Jackie Calmes

Jackie Calmes of the Los Angeles Times: Conservative Media and U.S. Politics

Share
October 17, 2017, 4:10 pm

October 17, 2017—Jackie Calmes, White House editor for the Los Angeles Times Washington bureau, discussed the evolution of conservative media and its relationship with the GOP, and the challenges of covering the White House, during a visit to the Shorenstein Center. Calmes also discussed the historical roots of conservative media, its messaging about race, funding and advertising for conservative outlets, and more. Below are some highlights from her conversation with Nicco Mele, Shorenstein Center Director, as well as the full audio and video. The Shorenstein Center’s podcast is also available on iTunesGoogle PlayiHeartRadio, and Stitcher.

Calmes was also a Joan Shorenstein Fellow in spring 2015, and wrote a paper on conservative media, “They Don’t Give a Damn about Governing”: Conservative Media’s Influence on the Republican Party.

 The GOP’s inability to govern and the role of conservative media

“[Republicans] have exposed, after nine months, the fact that they have been over-promising for over seven years, and that the things they were promising were always unachievable, but they were thrown out there as red meat, encouraged by conservative media. It included first and foremost repealing Obamacare, defunding Planned Parenthood, balancing the budget while also having big tax cuts, and repealing on day one DACA…none of those things have been done, nor I would say, [will] they be done.”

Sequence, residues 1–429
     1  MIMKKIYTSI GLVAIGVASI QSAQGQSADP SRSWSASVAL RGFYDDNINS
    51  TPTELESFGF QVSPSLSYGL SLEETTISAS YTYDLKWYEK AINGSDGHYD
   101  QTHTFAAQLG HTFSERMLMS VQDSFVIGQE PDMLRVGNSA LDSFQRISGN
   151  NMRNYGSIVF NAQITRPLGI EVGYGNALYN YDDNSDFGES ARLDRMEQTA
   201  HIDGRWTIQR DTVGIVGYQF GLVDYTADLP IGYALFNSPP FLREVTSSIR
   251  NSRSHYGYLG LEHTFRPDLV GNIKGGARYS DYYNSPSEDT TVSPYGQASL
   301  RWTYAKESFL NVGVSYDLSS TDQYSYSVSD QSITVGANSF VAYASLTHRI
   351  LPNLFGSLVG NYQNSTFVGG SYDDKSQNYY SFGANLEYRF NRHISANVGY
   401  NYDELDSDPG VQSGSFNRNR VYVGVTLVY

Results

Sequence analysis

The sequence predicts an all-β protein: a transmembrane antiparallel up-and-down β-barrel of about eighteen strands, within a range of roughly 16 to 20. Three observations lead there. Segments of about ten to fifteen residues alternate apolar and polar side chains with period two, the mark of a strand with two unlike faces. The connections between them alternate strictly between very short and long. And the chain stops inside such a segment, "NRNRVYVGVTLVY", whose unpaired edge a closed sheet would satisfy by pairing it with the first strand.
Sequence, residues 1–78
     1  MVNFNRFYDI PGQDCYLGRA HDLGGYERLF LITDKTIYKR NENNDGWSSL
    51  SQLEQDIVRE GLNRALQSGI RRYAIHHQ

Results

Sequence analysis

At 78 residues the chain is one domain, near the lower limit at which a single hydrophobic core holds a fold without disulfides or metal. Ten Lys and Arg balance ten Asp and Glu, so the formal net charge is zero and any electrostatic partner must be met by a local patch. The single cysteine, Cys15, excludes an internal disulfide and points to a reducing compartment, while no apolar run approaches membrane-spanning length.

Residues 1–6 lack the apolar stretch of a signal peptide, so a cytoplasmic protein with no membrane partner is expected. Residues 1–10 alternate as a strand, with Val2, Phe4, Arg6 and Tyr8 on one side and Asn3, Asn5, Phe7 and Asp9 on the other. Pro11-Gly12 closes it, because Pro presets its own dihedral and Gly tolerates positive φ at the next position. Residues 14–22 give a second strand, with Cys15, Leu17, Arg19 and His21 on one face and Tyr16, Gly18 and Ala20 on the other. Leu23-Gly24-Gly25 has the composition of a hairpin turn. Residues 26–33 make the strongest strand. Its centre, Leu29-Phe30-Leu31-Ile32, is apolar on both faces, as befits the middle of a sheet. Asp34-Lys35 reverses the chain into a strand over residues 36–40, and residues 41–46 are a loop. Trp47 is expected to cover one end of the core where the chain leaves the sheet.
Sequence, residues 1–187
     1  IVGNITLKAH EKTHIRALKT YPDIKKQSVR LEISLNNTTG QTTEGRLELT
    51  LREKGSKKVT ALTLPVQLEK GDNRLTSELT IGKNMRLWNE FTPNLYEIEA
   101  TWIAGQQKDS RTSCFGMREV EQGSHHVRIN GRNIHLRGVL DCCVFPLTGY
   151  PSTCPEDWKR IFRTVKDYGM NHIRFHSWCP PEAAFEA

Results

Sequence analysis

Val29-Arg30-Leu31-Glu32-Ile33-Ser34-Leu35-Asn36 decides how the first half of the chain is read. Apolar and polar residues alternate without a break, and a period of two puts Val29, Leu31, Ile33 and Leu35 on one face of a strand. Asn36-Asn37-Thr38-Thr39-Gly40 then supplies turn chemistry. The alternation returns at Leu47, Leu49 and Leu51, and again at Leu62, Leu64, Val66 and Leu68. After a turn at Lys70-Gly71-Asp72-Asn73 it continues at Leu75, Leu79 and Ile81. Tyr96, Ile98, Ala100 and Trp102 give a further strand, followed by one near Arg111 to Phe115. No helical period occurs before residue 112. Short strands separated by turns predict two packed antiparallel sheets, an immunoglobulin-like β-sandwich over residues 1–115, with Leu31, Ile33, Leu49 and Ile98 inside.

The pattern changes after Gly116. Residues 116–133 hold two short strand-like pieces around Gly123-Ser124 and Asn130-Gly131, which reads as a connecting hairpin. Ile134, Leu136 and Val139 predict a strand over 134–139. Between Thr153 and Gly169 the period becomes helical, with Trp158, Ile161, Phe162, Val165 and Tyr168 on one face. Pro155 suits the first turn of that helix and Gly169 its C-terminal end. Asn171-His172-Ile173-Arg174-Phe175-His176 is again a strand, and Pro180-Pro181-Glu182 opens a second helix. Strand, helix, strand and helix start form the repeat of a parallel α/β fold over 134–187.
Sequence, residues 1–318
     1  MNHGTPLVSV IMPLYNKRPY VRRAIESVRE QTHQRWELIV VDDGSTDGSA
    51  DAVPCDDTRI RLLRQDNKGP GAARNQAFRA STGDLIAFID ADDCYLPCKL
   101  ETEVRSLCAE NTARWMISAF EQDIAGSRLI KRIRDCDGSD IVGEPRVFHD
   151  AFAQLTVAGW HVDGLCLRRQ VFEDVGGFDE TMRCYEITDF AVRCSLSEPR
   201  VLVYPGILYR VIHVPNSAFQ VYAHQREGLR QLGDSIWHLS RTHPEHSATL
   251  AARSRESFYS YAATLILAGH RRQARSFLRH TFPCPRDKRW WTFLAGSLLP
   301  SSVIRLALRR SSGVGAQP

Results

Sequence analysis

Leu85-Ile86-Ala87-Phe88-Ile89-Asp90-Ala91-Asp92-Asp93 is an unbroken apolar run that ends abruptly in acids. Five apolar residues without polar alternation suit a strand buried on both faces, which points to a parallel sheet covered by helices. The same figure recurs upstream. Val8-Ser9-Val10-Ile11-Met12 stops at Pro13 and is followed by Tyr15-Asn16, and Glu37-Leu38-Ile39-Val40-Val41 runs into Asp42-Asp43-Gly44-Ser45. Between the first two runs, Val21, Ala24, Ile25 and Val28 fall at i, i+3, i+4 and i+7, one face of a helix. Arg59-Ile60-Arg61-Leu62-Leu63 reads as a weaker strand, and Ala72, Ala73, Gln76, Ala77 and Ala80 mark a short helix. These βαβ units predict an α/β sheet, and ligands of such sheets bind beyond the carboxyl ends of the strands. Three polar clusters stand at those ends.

“You take something as basic to Republican ideology as tax cuts. First of all, I’m not going out on a limb to say there will be no tax reform. They cannot do it. There will be tax cuts at some point, but even that won’t be easy because it’s going to come at the expense of another promise they’ve always made, which is fiscal responsibility and balanced budgets…you’re going to have the people like Corker who have served notice that if it adds a penny to the deficit, they won’t be for it.”

“Mark Levin, the famous conservative radio talk show host, right before Boehner was forced out as Speaker of the House…was complaining that Republicans in Congress were voting for things like, as he put it, continuing resolutions, increases in the debt limit, and a budget bill. Well, what he was describing were the only must-do pieces of legislation that any Congress faces. This goes to the over-promising—that Republicans shouldn’t be voting for those things is to say, alright, we might as well shut down the government and default.”

“There is going to be, by December 8, a crisis, because that’s when the [continuing resolution] expires. The debt limit won’t be a problem until into the new year, but the Republican Party, as a result of these forces, is not a governing party, and Republicans will tell you that.”

Why President Trump is not an “aberration”

[Trump] is the direct result of forces that were underway for two decades.

“The topic of my paper came about from a luncheon discussion with Trent Lott, the former Senate Republican Majority Leader, when he was despairing of his party’s increasingly rightward drift, and complaining that conservative media was a big part of it…I was surprised by how many of the Republicans I interviewed were willing to…fess up to this feeling that they were, as one put it, creating a monster. They had this tiger by the tail that was turning and devouring them.”